Interparalog gene conversion pattern and evolutionary dynamics of HBII-52 C/D box snoRNAs cluster at 15q11-q12. M. Ogorelkova1, A. Navarro2, X. Estivill1. 1) Gene & Disease Prog, Ctr Genomic Regulation, Barcelona, Catalonia, Spain; 2) Experimental and Health Sciences Department, Pompeu Fabra University, Barcelona, Catalonia, Spain.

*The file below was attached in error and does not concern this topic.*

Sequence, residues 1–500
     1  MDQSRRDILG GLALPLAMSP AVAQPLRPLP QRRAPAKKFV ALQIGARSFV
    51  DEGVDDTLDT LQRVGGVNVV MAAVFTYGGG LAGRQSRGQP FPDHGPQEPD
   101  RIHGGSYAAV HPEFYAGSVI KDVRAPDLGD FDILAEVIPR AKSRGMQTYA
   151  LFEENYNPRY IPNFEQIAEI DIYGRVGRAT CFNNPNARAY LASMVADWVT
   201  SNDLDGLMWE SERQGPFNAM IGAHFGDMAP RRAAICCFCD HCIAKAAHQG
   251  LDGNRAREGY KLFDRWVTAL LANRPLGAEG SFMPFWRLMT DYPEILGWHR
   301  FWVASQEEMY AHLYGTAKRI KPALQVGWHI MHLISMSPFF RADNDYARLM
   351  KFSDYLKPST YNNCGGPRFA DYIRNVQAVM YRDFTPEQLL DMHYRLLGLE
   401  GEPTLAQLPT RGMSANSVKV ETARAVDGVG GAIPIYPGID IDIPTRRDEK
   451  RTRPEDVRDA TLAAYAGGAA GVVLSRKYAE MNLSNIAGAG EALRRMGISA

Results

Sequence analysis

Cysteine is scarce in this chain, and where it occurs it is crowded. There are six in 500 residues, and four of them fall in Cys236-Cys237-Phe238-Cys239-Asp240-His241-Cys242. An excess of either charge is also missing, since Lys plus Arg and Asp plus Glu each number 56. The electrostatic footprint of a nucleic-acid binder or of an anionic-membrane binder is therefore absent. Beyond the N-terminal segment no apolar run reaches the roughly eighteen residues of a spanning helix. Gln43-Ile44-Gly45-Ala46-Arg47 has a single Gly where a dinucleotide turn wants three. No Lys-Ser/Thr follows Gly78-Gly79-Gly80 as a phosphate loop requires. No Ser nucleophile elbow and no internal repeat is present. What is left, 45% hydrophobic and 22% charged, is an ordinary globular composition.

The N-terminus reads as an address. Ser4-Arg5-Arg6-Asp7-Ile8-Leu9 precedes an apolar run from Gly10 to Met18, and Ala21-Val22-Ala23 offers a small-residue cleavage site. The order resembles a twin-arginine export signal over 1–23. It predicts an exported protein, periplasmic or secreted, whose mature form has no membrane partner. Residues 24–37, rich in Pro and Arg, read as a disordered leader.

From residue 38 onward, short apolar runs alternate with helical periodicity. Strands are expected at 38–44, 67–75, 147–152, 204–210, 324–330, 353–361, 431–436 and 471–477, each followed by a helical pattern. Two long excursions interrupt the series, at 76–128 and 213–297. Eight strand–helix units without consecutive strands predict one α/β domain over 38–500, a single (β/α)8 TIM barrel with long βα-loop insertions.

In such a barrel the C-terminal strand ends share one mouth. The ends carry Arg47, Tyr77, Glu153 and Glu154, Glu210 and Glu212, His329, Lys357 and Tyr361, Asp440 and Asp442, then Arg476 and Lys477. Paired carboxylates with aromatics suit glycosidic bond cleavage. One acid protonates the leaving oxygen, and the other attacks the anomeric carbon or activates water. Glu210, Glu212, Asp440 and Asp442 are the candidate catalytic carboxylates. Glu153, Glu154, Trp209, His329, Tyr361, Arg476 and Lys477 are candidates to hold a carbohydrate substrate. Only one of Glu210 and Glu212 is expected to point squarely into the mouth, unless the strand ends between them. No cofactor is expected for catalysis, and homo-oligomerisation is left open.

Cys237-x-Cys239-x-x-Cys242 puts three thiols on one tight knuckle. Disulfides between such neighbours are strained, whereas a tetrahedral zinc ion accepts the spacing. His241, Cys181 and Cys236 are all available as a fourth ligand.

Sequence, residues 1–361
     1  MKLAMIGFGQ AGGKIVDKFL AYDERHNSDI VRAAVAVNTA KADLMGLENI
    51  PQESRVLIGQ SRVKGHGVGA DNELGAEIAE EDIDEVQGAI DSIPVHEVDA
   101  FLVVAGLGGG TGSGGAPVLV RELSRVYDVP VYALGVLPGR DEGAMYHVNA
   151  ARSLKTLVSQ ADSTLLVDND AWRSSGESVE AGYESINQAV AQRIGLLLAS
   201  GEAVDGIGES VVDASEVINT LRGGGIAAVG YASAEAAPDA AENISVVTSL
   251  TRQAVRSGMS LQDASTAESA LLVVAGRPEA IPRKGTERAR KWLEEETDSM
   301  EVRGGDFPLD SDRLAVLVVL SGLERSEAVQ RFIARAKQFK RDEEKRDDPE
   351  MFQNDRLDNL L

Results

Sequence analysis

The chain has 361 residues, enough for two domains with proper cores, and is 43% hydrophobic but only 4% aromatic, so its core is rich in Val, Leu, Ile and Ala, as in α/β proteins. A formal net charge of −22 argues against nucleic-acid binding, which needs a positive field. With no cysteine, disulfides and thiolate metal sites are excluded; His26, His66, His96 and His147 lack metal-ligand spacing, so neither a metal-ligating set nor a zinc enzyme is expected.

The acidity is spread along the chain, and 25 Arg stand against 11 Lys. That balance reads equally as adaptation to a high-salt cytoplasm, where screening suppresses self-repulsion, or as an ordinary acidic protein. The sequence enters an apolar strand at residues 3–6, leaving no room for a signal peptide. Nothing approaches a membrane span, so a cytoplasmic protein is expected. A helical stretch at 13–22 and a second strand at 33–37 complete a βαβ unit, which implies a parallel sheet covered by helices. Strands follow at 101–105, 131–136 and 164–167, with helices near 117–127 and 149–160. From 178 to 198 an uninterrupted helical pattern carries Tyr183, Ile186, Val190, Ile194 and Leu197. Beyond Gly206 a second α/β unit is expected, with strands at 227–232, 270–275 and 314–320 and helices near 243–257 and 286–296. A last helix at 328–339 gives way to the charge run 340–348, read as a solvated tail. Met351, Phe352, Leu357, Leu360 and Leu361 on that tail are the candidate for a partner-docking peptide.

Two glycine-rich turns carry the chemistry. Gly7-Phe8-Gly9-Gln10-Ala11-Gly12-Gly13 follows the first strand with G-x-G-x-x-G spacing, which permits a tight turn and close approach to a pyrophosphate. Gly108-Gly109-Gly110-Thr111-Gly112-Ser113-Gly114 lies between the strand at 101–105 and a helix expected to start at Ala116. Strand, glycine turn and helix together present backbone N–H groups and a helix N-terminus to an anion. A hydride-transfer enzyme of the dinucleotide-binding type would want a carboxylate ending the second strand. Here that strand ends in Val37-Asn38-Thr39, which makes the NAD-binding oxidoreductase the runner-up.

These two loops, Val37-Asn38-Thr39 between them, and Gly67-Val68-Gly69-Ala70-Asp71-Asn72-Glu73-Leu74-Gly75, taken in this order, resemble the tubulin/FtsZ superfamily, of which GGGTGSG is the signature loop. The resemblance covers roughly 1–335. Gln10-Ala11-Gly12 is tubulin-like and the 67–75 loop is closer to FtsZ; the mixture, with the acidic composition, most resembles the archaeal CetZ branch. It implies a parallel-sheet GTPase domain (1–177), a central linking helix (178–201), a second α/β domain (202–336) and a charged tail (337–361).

Brain expressed, paternally imprinted C/D box HBII-52 snoRNAs are organized in a ~100 Kb cluster of 47 copies on chromosome 15q11-q12. They are suggested to post-transcritionally modify the 5HT2C transcripts by affecting the editing and/or alternative splicing. The HBII-52 copies share high homology with each other (>97%), and over half of them are expected to be functionally active. Due to high level of sequence identity, gene conversion is anticipated to be the main event shaping the DNA variability of the cluster. We have analysed the DNA variability of 25 presumably functional copies in 70 Spanish individuals. In 6.6 Kb of sequence, 34 SNPs and rare variants have been identified, 23 of which are novel. Two third of the variants have minor allele frequency less than 5%. Six variants are predicted to lead to non-functional snoRNA copies. Twenty six substitutions correspond to paralogous sequence variants (PSVs) in other copies and occur at potential gene conversion sites with tract of >5 bp. We detected 4 gene conversion events involving more than one PSV, with potential tracts between 6 and 31 bp. The overall nucleotide diversity of the cluster (4.2x10 -4) is higher than the genome average, and several snoRNA copies display very high nucleotide diversity of up to 1x10 -3. Interparalog gene conversion is expected to generate excess of sequence diversity, with excess of variants with low MAF. The spectrum of variability at HBII-52 snoRNAs cluster is strongly suggestive of frequent and recurrent gene conversion events between paralogous copies, and multiple gene conversion hot spots. Multiple SNPs are found at the proximal and distal parts of the snoRNAs cluster while central copies are devoid of variants. A recent positive selection event, possibly a fixation of human-specific copy 38, might have removed the variability within the central copies, as confirmed by tests of neutrality on preliminary data. Alternatively, some snoRNA paralogs might represent gene conversion receiver hot spots.